Book

Enterprise Information Security and Privacy

2009-01-01
Here’s a unique and practical book that addresses the rapidly growing problem of information security, privacy, and secrecy threats and vulnerabilities. This authoritative resource helps you understand what really needs to be done to protect sensitive data and systems and how to comply with the burgeoning roster of data protection laws and regulations. The book examines the effectiveness and weaknesses of current approaches and guides you towards practical methods and doable processes that can bring about real improvement in the overall security environment. You gain insight into the latest security and privacy trends, learn how to determine and mitigate risks, and discover the specific dangers and responses regarding the most critical sectors of a modern economy.
Standard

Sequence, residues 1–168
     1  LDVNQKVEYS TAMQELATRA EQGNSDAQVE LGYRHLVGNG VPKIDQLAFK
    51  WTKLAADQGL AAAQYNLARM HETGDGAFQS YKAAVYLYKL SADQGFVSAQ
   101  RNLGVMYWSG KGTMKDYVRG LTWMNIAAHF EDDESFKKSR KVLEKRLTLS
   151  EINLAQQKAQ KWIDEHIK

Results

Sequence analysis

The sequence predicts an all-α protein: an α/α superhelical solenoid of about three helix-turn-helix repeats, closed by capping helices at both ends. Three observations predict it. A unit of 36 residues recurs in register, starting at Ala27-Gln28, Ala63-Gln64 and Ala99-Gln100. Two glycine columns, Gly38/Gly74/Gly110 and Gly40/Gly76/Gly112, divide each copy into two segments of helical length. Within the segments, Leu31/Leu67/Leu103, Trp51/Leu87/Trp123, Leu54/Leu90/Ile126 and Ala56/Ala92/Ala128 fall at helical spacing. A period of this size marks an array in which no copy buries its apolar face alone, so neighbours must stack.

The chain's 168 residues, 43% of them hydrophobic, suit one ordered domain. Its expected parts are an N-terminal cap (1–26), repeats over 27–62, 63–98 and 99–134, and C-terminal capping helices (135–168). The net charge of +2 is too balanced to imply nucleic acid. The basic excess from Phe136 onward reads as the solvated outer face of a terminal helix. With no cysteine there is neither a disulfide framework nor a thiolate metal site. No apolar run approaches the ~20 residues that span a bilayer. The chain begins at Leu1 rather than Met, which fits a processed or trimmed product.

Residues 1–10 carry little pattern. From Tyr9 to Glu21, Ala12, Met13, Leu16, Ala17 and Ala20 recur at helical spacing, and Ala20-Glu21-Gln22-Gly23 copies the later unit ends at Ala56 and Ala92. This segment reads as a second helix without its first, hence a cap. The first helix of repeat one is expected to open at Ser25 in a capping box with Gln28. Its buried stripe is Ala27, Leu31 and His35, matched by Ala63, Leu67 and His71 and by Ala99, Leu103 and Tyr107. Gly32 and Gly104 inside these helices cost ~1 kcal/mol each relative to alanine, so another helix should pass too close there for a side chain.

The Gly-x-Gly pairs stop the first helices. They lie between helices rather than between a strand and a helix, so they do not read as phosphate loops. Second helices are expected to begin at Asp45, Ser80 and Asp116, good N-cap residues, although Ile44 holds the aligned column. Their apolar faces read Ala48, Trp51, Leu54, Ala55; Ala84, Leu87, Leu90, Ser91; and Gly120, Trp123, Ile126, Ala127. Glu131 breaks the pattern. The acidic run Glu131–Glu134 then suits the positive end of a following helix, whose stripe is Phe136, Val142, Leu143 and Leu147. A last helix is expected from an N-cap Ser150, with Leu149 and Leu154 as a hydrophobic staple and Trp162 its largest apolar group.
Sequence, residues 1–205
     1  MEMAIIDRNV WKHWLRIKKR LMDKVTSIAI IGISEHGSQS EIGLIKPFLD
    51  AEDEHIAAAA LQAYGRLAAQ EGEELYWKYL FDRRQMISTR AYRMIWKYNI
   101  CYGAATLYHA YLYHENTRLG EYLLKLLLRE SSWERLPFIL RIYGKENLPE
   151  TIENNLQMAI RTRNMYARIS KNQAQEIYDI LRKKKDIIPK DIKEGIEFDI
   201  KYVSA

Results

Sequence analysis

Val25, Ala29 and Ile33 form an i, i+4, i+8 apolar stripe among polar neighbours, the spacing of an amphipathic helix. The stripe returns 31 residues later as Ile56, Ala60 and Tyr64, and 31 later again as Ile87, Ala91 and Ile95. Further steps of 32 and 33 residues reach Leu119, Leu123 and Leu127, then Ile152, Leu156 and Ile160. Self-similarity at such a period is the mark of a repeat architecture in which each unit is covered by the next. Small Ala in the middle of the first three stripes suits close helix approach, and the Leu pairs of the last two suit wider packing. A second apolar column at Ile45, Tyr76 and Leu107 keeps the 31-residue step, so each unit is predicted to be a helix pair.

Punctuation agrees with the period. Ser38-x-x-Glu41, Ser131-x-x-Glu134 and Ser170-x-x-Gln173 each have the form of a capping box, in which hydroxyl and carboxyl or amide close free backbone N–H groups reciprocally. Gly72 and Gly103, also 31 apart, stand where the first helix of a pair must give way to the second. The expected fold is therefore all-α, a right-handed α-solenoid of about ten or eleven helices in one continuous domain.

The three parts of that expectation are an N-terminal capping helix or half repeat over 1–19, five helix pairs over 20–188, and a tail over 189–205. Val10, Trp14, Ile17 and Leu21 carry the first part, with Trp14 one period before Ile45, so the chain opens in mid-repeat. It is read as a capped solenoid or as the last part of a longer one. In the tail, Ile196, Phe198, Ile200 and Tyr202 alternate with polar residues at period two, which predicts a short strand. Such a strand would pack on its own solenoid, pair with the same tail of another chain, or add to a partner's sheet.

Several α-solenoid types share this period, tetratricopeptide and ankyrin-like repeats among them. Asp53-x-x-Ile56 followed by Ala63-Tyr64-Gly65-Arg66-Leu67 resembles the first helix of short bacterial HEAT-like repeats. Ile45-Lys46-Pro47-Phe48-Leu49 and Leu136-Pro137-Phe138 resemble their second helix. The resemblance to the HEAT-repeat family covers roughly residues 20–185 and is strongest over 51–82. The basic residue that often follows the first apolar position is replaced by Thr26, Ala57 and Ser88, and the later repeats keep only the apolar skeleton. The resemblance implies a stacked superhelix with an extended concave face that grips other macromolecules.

E/E Data Link Security

2005-06-27
HISTORICAL
J2186_200506
This SAE Recommended Practice establishes a uniform practice for protecting vehicle components from "unauthorized" access through a vehicle data link connector (DLC). The document defines a security system for motor vehicle and tool manufacturers. It will provide flexibility to tailor systems to the security needs of the vehicle manufacturer. The vehicle modules addressed are those that are capable of having solid state memory contents accessed or altered through the data link connector. Improper memory content alteration could potentially damage the electronics or other vehicle modules; risk the vehicle compliance to government legislated requirements; or risk the vehicle manufacturer's security interests. This document does not imply that other security measures are not required nor possible.
Standard

Data Security Services

2001-12-26
HISTORICAL
J1760_200112
The scope of this SAE Recommended Practice is to require the use of the same Security Services as defined by the International Standard ISO/CD 15764, modified by the Class of Security as determined by the resource provider and referenced in Table 1, Extended Data Link Security References.
Technical Paper

EncryptionS Role in Vehicle Information Security

1998-10-19
98C044